I was in middle school when I first heard about recycling at home. That was back in the mid-1970s, when the push to recycle began in earnest. I am now in my late 50s. Over the decades I have learned a lot, and I’ve come to a conclusion about recycling: though it’s a good thing, it is ultimately just a delay tactic.
We recycle now in order to keep recyclable materials out of landfills and incinerators. In so doing, we ostensibly reduce the waste stream while simultaneously protecting the environment. Again, all of this is good. But recycled products cannot be recycled indefinitely. They all eventually become waste at some point.
A Temporary Reduction in Waste
The vast majority of plastics the world produces don’t get recycled even once. They go right to the landfill or incinerator after just one use. But for the sake of this discussion, let us imagine someone came up with an effective recycling process overnight. Starting tomorrow, all plastics will be Fullformsadda recycled.
We would see an immediate reduction in the waste stream. Trash haulers would be picking up significantly less trash. Landfills would not fill up quite so quickly. But guess what? The reduction in the waste stream would only be temporary.
At some point, all that recycled plastic will become waste anyway. So as soon as recycled materials caught up with those materials at a natural end-of-life, the total volume of waste being produced would return to previous levels.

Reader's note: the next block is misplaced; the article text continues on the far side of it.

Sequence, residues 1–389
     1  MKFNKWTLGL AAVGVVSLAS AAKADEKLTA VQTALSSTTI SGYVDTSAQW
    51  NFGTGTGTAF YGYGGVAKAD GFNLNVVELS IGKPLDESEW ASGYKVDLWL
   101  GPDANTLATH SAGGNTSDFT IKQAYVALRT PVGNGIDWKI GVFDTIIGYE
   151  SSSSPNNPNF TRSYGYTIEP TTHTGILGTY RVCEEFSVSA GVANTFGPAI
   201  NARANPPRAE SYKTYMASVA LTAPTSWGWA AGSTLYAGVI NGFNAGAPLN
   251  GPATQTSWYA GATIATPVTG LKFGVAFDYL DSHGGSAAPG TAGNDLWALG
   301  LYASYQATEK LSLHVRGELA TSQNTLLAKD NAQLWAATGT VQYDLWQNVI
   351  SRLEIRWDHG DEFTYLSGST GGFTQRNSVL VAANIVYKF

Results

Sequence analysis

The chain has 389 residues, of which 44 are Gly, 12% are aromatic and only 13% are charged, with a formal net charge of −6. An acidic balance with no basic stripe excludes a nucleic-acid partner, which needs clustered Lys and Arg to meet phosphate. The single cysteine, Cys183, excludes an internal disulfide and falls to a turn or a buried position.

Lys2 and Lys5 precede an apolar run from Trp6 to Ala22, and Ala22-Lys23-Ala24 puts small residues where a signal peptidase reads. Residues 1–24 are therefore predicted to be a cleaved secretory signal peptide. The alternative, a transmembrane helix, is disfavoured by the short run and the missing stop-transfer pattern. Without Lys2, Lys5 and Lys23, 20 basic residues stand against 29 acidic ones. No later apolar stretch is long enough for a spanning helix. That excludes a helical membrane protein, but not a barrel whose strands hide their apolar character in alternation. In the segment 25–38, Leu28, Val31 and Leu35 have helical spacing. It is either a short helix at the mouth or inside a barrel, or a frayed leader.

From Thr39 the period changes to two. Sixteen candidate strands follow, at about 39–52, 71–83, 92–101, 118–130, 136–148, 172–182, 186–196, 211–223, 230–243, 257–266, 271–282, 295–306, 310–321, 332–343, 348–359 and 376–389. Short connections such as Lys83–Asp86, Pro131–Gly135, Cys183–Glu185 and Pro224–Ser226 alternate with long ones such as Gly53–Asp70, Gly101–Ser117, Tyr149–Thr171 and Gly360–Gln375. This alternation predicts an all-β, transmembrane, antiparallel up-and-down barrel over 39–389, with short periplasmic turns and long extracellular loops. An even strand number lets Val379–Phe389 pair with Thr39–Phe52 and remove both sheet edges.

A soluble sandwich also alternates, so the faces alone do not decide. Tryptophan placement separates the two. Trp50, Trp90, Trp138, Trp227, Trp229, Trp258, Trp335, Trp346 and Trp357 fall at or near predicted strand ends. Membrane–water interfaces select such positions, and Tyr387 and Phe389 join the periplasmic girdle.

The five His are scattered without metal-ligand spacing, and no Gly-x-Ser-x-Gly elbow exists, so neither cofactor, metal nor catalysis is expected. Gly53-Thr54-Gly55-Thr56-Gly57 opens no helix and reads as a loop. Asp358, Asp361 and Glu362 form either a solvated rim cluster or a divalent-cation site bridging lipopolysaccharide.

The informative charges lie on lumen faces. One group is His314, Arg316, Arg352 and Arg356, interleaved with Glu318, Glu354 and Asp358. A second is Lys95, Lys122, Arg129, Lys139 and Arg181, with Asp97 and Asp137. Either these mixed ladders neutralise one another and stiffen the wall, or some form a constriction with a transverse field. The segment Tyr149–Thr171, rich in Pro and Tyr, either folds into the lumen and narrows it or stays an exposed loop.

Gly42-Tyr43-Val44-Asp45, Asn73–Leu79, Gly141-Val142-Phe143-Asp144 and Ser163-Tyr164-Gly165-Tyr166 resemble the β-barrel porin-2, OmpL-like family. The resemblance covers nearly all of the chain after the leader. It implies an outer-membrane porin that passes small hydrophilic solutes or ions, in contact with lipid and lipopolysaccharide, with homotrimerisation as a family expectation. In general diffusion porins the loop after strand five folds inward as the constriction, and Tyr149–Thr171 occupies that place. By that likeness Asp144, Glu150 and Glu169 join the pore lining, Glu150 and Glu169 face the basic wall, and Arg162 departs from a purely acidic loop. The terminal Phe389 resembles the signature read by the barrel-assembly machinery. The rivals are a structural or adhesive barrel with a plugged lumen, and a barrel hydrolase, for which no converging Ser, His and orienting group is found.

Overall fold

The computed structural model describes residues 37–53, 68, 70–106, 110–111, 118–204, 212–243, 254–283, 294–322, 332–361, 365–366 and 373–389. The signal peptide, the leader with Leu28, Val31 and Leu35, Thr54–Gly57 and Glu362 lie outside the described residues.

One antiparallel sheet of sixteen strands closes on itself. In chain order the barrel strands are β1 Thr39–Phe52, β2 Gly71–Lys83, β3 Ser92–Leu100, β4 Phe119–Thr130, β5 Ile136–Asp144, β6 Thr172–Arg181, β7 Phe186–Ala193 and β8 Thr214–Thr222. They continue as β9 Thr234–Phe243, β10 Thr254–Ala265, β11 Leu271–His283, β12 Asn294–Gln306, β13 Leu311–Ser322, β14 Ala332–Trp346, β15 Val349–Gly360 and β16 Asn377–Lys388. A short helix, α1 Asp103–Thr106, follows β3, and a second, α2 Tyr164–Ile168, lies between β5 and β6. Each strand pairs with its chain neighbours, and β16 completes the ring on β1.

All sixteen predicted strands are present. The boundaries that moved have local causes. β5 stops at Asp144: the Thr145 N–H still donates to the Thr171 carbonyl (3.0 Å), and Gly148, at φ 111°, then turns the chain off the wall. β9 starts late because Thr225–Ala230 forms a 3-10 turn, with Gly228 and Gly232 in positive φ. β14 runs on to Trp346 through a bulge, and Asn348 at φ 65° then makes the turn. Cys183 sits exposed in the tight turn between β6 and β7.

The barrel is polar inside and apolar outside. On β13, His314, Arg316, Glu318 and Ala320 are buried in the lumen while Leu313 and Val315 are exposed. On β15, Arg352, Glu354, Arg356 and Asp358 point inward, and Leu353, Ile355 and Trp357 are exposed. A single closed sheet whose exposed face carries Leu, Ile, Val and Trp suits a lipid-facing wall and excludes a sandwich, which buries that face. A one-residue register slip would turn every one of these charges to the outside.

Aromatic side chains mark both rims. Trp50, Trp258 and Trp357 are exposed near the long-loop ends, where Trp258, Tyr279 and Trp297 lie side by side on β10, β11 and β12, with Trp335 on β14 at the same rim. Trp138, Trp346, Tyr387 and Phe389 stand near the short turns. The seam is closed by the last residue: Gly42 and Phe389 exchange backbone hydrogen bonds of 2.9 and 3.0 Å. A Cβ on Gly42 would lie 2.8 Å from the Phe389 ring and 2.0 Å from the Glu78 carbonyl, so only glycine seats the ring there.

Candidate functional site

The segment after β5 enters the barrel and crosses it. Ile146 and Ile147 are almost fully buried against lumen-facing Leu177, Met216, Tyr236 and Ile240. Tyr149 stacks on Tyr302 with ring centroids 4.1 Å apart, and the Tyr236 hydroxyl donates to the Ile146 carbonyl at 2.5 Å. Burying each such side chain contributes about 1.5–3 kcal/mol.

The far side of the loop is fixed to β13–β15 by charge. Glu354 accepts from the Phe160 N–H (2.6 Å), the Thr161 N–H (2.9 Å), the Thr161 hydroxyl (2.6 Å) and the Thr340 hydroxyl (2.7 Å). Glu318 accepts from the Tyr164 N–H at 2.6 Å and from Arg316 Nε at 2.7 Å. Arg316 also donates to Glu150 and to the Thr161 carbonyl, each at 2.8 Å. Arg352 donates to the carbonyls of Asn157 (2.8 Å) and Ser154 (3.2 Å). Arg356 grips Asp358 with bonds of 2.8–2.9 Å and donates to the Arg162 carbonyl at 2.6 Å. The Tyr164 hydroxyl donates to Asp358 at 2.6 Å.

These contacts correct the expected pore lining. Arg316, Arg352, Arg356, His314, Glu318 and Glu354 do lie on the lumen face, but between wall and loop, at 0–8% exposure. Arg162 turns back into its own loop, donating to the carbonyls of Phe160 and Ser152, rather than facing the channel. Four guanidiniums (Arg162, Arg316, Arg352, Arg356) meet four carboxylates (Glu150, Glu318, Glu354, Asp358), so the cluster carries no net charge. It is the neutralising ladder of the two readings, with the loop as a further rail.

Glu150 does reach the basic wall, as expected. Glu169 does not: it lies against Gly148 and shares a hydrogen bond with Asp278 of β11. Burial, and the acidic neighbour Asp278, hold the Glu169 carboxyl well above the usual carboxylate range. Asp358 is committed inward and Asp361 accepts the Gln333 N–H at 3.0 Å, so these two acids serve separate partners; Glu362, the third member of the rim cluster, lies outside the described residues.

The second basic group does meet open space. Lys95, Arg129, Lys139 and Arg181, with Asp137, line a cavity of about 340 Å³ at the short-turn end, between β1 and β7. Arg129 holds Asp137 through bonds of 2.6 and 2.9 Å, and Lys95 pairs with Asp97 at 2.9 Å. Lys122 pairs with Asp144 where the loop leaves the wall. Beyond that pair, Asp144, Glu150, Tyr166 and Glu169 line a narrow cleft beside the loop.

Recycling Reduces Material Integrity
The reason recyclable materials cannot be recycled indefinitely is a reduction in integrity. Take industrial scrap plastic. Seraphim Plastics is a Tennessee company that relies on a mechanical process to recycle everything from plastic tubes to dunnage trays and buckets.
Mechanical recycling involves reducing industrial plastic waste to small pellets or flakes using grinders or shredders. The pellets and flakes can be mixed with virgin plastic to make new plastic pieces. It cannot be used exclusively because grinding and shredding reduces its integrity. It needs to be mixed with virgin plastic to ensure quality in the finished product.
This dictates that manufacturers can only use a certain ratio of regrind mixed with virgin plastic. The new products they produce can also be recycled after use. But then what? The integrity of the resulting material is reduced. With every reduction in integrity, you get recycled material with fewer applications. Eventually the material is completely useless and must be sent to a landfill.
Not a Complete Solution
The lesson in all of this is pretty simple: while recycling is a useful tool for reducing waste and extending landfill life, it is not a complete solution. What’s more, we aren’t even close to coming up with a recycling process that guarantees a truly circular life for any particular material.
Every human process generates waste. It is unavoidable. Therefore, a truly circular economy isn’t possible. Indeed, there are things we can and should do to reduce waste as much as possible. But we will never eliminate it completely. That’s why we shouldn’t put so much hope into recycling as a way to ostensibly save the Informenu planet.
Better Ways to Do It
To the extent that recycling does help us take better care of the environment, there are better ways to do it. Any desire to continue recycling should be fueled by efforts to develop those better ways.
Recycling is a worthy enterprise if we can do it without breaking the bank. But we must always remember that recycling is a delay tactic, at best. Eventually, everything we recycle will become waste.